If you were living in the United States in 2005 and were remotely aware of the goings-on of the world, you knew about Terri Schiavo. Terri Schiavo's case was a long, drawn out legal battle from 1998 and 2005, pitting Schiavo's parents against her husband and drawing in the United States Congress and the President, George W. Bush.
In 1990, Schiavo collapsed due to a mysterious cardiac arrest that left her severely brain damaged and comatose for two months. Afterwards, doctors downgraded her to persistently vegetative. Her husband, who wanted to remove the feeding tube, was locked in a legal battle with her parents, who said that she was still conscious. Finally, in 2005, her husband won her fight to remove her feeding tube, and Schiavo passed away, though her family has continued their fight in her legacy.
Researchers are attempting to devise a method that would avoid a fiasco like the Schiavo case occurring to anyone in the future, by establishing a tool that would quantify consciousness. According to Nature, vegetative patients do not appear to respond to their surroundings, only reflexively moving. Minimally conscious patients can make purposeful movements and may feel pain. And patients with "locked-in syndrome", who are fully conscious, are unable to move or speak.
The difference between vegetative and minimally conscious patients may seem inconsequential, but there is a legal difference. Last year, a court in the United Kingdom ruled against a family trying to disconnect their daughter's feeding tube because she had recently been upgraded from comatose to minimally conscious. The difference is also a difficult one for physicians to discern.
So, recently, a team of researchers from Belgium and the United States tried to develop a tool that would help doctors recognize the difference. The researchers measured neural responses to a brief electromagnetic wave in 32 healthy people, 6 vegetative patients, 12 minimally conscious patients, and 2 patients with locked-in syndrome.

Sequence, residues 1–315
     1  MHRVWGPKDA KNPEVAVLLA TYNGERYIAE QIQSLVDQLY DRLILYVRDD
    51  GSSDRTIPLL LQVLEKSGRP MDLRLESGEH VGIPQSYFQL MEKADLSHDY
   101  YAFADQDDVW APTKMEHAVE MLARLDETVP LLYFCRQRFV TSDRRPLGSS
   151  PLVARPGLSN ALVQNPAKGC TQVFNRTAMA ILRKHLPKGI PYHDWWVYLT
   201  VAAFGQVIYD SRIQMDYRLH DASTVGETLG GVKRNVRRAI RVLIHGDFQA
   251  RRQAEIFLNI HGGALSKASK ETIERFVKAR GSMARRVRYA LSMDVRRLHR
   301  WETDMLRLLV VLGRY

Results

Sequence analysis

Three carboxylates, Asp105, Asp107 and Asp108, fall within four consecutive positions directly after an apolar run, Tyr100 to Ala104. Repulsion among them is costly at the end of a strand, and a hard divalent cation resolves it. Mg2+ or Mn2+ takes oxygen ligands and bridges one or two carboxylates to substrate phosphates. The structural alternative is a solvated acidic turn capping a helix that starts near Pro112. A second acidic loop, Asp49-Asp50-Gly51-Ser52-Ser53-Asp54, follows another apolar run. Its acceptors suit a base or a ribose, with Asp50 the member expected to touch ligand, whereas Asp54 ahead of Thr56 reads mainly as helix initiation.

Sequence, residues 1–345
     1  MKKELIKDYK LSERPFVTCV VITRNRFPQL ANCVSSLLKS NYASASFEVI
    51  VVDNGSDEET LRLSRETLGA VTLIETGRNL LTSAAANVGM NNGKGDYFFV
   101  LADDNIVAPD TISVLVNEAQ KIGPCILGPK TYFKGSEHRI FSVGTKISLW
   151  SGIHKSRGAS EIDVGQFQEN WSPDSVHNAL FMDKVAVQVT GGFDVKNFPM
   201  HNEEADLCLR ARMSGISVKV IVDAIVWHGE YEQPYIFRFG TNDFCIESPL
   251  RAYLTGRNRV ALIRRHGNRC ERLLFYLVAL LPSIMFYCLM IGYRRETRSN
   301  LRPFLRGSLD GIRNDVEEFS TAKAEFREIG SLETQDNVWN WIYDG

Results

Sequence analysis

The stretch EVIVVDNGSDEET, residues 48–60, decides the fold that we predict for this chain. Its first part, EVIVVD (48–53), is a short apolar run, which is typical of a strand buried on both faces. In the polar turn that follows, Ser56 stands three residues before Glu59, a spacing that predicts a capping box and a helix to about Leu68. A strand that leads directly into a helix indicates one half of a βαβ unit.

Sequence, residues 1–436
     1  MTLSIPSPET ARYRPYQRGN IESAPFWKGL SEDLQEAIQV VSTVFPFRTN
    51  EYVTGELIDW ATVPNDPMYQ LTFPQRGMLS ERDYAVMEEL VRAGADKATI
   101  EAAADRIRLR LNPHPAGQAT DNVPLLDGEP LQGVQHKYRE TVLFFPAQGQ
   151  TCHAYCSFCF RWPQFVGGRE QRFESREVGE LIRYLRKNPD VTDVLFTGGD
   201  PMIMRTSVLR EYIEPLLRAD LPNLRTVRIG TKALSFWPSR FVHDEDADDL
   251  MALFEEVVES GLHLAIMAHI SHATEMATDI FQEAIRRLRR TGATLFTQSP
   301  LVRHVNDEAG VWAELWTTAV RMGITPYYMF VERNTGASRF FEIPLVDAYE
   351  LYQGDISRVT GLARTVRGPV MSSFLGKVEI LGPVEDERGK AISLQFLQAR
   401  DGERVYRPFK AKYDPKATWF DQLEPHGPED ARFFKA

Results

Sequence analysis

In the healthy, awake people, the neurons responded with complex electrical activity bouncing around the brain. Activity in the patients with locked-in syndrome was similar to healthy awake participants.
In healthy subjects who were sleeping or anaesthetized, the neural activity was shorter and simpler, closer to where the wave had hit the brain. The vegetative patients' brains responded like sleeping or anesthetized healthy brains, and minimally conscious brains responded in a slightly more complex manner than vegetative ones.
Melanie Boly, a postdoctoral fellow at the Belgian National Fund for Research and one of the co-authors of the study, admits that the test would not replace clinical tests. But, she said, "this is the first time we really have a measure that works at a single-subject level."
The study will not make it any easier for loved ones of people who are in vegetative or minimally conscious states, especially since a 2010 study revealed that brain scans can read the minds of vegetative patients. But the research may make it easier to determine the brain complexity of vegetative patients on a case-by-case basis. Patients with exceedingly and persistently low brain activity will likely be relabeled as deceased.